Oral Care Dog Treats Booming
Because pets’ teeth are notoriously hard to brush, most of the action is in treats and chews, especially for dogs.
Oral care products for pets are big business. According to Packaged Facts’ newest pet market report, Pet Oral Care Products and Services in the U.S., approximately $775 million of the market is products.
During 2014, sales of oral care dog biscuits and treats soared 33 percent to $268 million, representing 81 percent of all sales of pet oral care products, according to IRI’s mass-market tracking.
Albeit somewhat tarnished by time and product safety travails, one name still conjures the vast potential of oral care: Greenies. Launched in 1998, Greenies was the first dog biscuit to sport the Veterinary Oral Health Council seal for plaque and tartar control, and at the height of its glory in the early to mid 2000s, the toothbrush-shaped treat purported to be outselling Milk-Bone. Greenies remains almost legendary, having spurred countless knockoffs and set the stage for success stories that continue to this day.
During 2014, sales of Mars’ Pedigree Dentastix, the top-selling oral care dog treat in mass channels, rose 11 percent to $145 million, according to IRI, with newer entries also making a splash, including Milk-Bone Brushing Chews ($40 million) and Purina Beneful Healthy Smile ($29 million). (Greenies are now authorized for sale only by pet stores and veterinarians.)
Ironically, oral care treats likely are getting a healthful bump from veterinarians and industry associations working to increase consumer awareness of the need for regular professional oral care for pets. The cornerstone of this effort is the American Veterinary Medical Association’s National Pet Dental Health Month, a nationwide event that marked its 22nd anniversary in February 2015.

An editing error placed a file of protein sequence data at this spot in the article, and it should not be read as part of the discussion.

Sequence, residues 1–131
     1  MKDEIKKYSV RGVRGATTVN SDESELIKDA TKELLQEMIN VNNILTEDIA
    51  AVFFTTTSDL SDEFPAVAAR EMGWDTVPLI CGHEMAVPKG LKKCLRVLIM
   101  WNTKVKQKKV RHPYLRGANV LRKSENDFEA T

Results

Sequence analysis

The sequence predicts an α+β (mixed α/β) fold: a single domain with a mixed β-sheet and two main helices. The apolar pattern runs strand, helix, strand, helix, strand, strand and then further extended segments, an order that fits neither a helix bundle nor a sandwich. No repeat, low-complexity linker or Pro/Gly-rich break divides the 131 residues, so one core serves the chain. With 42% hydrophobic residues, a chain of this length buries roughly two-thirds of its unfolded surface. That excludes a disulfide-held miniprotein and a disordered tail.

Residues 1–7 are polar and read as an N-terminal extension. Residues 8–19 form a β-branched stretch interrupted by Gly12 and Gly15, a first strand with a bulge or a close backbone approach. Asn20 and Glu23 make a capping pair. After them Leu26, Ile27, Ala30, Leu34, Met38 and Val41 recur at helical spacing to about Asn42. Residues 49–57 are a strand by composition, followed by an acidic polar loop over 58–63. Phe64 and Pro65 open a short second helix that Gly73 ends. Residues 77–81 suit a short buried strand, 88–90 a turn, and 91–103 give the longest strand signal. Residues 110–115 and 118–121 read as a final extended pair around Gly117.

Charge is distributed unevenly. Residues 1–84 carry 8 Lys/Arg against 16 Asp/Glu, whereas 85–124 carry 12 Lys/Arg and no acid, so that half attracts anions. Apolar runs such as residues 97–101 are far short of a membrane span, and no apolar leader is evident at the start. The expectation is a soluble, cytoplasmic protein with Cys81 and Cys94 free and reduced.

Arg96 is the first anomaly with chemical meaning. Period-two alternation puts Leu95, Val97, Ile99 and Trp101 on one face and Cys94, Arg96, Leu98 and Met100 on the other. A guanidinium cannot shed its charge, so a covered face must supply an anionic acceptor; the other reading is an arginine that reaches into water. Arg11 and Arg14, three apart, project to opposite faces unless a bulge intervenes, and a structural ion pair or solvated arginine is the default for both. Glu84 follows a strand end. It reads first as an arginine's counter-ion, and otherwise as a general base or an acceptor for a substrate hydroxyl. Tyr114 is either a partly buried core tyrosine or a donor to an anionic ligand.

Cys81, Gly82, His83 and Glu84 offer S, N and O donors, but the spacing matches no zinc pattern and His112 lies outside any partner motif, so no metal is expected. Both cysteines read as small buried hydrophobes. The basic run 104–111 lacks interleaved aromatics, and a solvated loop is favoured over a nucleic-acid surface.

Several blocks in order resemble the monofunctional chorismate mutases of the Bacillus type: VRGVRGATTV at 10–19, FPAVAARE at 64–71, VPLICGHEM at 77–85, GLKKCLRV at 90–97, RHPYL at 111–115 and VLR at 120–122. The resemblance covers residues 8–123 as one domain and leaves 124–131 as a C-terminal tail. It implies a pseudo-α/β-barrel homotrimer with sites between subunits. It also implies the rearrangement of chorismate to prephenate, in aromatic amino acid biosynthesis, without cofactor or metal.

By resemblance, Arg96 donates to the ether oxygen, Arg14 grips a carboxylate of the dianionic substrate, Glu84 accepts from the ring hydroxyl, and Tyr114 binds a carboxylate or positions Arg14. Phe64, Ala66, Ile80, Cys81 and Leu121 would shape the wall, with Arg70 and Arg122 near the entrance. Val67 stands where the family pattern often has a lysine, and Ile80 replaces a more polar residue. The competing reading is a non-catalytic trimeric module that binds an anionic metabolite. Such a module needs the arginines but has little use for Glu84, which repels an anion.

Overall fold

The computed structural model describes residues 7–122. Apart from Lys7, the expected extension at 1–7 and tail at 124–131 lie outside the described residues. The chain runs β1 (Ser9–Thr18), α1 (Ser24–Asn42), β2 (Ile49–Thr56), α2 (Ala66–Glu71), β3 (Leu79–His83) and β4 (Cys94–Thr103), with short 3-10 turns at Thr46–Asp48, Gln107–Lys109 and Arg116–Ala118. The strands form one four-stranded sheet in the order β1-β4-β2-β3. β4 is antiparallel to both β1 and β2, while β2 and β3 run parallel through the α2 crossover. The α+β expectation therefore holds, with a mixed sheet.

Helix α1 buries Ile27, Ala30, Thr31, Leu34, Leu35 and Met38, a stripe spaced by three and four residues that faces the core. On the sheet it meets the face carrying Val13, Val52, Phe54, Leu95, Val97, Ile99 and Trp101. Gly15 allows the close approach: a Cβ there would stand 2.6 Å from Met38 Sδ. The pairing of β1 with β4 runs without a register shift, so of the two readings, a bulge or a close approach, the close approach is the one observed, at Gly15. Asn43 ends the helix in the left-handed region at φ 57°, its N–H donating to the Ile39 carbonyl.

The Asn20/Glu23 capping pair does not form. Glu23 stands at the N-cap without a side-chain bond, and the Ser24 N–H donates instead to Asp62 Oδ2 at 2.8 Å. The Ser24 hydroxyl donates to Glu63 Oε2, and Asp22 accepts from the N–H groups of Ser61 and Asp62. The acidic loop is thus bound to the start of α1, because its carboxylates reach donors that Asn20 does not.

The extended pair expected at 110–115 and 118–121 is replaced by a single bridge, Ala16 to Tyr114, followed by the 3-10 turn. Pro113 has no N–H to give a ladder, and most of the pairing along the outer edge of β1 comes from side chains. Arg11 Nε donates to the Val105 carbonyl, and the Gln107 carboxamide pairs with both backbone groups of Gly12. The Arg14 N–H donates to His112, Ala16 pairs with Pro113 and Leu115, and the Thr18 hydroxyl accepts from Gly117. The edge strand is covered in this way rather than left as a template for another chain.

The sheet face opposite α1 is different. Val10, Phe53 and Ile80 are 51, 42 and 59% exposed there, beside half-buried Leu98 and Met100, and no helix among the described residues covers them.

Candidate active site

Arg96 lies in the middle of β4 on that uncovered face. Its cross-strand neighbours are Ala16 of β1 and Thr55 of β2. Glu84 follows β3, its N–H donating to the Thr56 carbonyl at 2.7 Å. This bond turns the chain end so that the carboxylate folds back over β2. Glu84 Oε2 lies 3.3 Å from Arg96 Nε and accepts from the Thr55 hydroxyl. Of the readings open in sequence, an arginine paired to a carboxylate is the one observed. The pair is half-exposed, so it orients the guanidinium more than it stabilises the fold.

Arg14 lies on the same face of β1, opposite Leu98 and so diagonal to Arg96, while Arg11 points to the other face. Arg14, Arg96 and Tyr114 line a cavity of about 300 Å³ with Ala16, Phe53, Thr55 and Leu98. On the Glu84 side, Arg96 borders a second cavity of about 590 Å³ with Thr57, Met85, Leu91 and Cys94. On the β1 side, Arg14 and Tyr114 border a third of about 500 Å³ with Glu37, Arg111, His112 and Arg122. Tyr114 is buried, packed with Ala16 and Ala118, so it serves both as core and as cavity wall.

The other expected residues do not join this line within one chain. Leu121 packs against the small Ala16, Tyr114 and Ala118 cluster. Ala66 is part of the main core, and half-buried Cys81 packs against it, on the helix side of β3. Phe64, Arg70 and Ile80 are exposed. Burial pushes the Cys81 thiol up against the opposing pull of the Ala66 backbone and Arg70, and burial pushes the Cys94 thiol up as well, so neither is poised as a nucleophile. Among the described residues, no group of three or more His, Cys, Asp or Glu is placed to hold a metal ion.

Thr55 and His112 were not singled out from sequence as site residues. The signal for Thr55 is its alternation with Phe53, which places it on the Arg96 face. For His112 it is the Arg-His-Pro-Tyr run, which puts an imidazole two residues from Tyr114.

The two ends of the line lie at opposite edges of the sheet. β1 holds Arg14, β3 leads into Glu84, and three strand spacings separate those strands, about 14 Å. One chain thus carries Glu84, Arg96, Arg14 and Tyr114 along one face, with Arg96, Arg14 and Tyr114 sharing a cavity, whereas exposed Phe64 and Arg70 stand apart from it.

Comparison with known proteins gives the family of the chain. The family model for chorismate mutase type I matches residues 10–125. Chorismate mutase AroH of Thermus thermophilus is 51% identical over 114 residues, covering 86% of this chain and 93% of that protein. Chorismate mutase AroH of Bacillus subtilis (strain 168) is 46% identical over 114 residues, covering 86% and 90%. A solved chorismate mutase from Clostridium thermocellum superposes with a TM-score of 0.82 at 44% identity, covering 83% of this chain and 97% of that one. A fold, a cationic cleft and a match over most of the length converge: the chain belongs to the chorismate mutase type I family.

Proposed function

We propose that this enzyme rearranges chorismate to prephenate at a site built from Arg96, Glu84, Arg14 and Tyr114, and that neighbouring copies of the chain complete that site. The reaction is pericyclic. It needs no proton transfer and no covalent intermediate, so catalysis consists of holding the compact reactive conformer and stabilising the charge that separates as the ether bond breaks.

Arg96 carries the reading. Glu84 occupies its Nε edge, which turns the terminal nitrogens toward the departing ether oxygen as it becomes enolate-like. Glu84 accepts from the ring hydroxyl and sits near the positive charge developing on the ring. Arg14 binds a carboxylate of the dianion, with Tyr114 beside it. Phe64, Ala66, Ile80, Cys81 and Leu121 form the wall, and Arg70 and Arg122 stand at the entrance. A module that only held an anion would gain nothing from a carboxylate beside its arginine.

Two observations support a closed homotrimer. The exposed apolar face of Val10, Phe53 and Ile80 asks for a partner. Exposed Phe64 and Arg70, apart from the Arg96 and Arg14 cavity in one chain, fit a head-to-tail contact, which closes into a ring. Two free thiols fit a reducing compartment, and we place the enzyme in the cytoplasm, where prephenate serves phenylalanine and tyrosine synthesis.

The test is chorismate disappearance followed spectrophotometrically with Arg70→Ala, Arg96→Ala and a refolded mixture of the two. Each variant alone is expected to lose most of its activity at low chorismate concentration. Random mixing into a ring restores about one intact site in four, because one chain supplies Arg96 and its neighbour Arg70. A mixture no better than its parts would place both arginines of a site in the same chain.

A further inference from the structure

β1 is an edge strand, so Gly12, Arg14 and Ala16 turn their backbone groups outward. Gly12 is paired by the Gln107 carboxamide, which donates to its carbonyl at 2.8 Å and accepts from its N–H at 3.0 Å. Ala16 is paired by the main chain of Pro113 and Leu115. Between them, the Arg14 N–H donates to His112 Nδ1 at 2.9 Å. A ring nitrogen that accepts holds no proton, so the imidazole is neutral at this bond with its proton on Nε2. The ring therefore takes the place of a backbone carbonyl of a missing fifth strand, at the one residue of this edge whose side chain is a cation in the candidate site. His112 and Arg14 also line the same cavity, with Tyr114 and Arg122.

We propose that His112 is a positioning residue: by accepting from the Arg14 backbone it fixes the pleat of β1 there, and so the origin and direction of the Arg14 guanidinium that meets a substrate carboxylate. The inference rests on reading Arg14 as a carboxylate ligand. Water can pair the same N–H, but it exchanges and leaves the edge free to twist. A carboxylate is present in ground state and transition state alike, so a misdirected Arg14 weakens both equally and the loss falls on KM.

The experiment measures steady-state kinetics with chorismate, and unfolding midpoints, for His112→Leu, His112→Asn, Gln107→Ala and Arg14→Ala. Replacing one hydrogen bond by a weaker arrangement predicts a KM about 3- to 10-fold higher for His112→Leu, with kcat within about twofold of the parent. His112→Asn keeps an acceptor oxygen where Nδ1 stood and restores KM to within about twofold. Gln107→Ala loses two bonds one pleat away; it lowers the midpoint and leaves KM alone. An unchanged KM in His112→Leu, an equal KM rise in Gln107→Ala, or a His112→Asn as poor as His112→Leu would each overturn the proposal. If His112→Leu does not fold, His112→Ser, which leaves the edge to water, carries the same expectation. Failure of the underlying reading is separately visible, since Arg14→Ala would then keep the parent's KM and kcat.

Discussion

But with veterinary visits on the decline and many pet owners still budget strapped, dog treats appear to be reaping at least equal rewards. Pet owner surveys conducted by Packaged Facts in 2015 reveal good price to be the top factor influencing the purchase of a pet oral care product, cited by 41 percent of respondents, with veterinarian recommendation at 36 percent; 43 percent of pet owners choose not to have their pets’ teeth cleaned by a veterinarian because they believe that cleaning a pet’s teeth at home is just as effective.
These figures underscore the challenges veterinarians face when it comes to encouraging oral care compliance, but the upside is the ongoing potential for dental-themed treats.
While 59 percent of dog owners agree that they are concerned with the dental hygiene of their pets, only 33 percent regularly have their pets’ teeth cleaned by a veterinarian, and only 44 percent have purchased dental hygiene products in the past 12 months. Those are gaps waiting to be filled, and for pet owners slouching on veterinary visits, oral care treats might be exactly what the doctor ordered.